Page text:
One of my favorite blogs to read currently is Dear Coquette, an advice blog whose eponymous author answers questions about love, sex, depression, racism, feminism, drug use, and everything in between with acerbic bluntness.  Probably my favorite thing about Coquette's style is that she is able to in one breath offer genuine advice and words of support to those who need it while in the other take someone to task for their shitty decisions. It's a really refreshing blog to read especially if you like advice columns and sardonic bitchery.

I'm always on the lookout for words of wisdom when it comes to anxiety since it's something that I deal with on a daily, hourly, minute-ly, second-ly basis. Sometimes I find a quote or an affirmation that speaks to me in one way or another and I just can't get it out of my head. When I first found Dear Coquette I came across a "fun size" bit of advice she gave to someone that has stuck with me ever since:

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The idea that the future doesn't exist hit me like a ton of bricks. Living my life with constant anxiety about what was to come was devoting a considerable amount of energy to something that did not exist.

I realized that in my mind, the future had already taken place and through my anxiety I was trying to "guess" what had been decided on my behalf. It's interesting that I subconsciously believe that, especially since I (obviously) do not believe in any sort of predestination. If I were to sit back and analyze myself psychologically I would guess that is has something to do with attempting to "control" that which is uncontrollable--in this case, the nonexistent future.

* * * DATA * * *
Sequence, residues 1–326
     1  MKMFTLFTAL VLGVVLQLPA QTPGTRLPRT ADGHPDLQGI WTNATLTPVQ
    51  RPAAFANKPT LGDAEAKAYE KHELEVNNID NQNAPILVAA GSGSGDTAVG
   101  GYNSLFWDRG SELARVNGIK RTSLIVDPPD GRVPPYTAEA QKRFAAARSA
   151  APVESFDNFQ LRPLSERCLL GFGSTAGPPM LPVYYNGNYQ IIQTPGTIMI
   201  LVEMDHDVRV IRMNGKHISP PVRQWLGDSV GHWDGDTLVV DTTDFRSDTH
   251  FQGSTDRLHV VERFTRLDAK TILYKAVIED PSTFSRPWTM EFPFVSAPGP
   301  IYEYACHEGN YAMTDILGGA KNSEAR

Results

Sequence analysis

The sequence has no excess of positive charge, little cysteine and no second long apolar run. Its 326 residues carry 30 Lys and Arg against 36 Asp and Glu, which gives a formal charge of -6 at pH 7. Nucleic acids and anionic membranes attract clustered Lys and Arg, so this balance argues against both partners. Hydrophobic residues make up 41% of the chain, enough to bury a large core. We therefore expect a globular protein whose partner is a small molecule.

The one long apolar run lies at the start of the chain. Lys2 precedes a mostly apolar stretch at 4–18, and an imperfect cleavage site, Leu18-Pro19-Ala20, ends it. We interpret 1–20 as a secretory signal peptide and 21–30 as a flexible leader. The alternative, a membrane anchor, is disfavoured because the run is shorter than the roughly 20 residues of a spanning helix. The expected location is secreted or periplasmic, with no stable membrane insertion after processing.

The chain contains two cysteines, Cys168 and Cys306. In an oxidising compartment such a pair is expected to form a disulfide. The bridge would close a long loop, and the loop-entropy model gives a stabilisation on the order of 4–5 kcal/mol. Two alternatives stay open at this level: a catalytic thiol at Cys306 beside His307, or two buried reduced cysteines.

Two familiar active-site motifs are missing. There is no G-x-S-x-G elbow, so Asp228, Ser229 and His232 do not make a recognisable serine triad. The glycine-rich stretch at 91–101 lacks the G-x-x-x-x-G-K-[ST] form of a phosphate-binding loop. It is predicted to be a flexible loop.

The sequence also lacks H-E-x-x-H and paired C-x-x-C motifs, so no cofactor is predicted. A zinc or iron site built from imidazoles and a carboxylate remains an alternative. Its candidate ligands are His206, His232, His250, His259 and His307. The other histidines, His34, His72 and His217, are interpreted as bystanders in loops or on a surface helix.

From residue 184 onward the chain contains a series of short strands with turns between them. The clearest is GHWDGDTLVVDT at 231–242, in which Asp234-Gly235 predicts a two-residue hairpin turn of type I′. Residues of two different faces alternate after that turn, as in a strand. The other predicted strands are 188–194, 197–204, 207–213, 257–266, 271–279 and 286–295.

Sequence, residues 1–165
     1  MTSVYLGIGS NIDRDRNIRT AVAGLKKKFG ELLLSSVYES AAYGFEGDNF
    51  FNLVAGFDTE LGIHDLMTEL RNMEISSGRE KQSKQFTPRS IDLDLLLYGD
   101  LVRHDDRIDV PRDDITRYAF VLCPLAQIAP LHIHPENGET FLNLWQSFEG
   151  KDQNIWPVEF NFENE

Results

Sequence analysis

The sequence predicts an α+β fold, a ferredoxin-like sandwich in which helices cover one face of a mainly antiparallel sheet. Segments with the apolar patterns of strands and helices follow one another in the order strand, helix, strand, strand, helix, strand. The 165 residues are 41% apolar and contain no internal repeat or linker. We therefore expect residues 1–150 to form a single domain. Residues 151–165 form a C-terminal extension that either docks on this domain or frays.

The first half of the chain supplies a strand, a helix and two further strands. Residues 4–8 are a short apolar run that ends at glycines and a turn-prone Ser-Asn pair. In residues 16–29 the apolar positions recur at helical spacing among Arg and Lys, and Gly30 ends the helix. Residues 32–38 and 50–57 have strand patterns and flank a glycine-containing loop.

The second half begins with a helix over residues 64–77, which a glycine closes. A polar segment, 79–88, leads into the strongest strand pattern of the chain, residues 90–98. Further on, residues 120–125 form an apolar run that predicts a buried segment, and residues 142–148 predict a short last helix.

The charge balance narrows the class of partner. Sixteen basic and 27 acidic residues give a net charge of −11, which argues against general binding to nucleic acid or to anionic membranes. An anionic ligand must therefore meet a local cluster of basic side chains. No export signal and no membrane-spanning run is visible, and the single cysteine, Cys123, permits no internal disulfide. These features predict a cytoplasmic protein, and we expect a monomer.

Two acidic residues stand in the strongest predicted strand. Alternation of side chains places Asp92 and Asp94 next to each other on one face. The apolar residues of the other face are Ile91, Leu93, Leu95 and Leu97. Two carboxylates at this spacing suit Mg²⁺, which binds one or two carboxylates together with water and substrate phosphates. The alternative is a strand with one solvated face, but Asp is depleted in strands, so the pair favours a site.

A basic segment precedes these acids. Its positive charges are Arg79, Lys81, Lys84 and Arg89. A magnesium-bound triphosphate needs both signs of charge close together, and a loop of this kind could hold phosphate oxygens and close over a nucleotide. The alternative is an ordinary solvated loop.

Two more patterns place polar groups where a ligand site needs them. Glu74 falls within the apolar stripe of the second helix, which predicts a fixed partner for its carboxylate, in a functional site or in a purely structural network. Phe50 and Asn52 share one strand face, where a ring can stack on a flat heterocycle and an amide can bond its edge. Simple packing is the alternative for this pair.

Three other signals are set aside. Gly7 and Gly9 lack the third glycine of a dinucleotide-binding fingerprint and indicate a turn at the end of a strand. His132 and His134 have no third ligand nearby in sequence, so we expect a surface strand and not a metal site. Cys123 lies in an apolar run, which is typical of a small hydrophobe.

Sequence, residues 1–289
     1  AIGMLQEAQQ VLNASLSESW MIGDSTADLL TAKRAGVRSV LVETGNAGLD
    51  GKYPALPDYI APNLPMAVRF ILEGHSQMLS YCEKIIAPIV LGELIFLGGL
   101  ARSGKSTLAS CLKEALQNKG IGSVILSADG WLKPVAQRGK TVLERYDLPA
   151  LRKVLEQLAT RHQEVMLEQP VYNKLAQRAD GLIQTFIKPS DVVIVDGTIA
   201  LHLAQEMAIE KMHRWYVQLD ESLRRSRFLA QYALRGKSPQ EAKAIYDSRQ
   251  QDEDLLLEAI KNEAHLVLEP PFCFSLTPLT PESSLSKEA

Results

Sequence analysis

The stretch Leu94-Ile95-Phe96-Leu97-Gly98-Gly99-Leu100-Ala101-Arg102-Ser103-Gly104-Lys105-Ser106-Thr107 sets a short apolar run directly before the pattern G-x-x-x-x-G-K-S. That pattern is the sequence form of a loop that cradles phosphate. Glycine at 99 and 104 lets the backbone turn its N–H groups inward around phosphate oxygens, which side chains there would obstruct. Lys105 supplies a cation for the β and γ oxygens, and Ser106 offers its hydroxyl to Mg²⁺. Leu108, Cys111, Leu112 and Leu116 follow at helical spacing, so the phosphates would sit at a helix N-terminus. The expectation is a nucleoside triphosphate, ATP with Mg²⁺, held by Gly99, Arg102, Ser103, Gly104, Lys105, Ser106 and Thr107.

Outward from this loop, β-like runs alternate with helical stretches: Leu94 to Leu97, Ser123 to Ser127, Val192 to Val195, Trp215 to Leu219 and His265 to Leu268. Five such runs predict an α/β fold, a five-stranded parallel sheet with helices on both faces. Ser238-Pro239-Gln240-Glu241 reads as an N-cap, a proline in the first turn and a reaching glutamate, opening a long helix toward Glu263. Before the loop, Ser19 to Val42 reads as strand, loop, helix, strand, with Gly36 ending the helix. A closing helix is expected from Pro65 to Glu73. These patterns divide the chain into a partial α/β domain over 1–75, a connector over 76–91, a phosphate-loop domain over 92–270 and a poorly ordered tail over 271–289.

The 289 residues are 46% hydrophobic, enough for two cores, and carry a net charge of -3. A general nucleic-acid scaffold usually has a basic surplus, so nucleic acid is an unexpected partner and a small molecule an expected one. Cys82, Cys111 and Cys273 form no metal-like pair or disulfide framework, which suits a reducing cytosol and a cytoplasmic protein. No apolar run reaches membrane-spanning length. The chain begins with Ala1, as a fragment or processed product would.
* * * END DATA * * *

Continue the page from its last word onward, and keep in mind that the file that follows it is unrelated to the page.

That got me thinking about how not only does the future not exist, it also is not promised. Every second and minute we're alive is in and of itself pretty miraculous if you think about it; we begin dying the day we are born, and though it will come at different times for all of us we can't know which second or minute will be our last. It's easy to fall into cliche here--"live each day like it's your last" and such--but in the context of anxiety I think this line of thinking can help to direct focus back to the time we are promised, the now.

Because what comes next does not (yet) exist.

It's freeing to think about shedding the weight of future worry, to acknowledge that while the future likely will exist for me for awhile, all I need to concern myself with emotionally is the me in this moment. Caitlin in the future will handle things as they come, just as present Caitlin is doing at the present moment. Of course anxiety is not a weight easily shed--one must drop the weight bit by bit and hope that one day it will be gone or at least more manageable.

And that's my waxing philosophical for the day. Now if someone could just tell me that all those embarrassing things I said or did in the past didn't exist, I'd be much obliged.

Wednesday, 14 January 2015